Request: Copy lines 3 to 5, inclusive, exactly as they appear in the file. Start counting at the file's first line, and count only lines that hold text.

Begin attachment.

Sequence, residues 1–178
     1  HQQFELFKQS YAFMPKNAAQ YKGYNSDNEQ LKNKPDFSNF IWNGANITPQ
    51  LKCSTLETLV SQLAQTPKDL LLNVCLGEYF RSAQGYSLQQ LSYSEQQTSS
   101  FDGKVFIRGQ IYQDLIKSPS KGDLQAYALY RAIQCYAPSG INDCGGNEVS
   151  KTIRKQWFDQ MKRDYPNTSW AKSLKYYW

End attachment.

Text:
    51  LKCSTLETLV SQLAQTPKDL LLNVCLGEYF RSAQGYSLQQ LSYSEQQTSS
   101  FDGKVFIRGQ IYQDLIKSPS KGDLQAYALY RAIQCYAPSG INDCGGNEVS
   151  KTIRKQWFDQ MKRDYPNTSW AKSLKYYW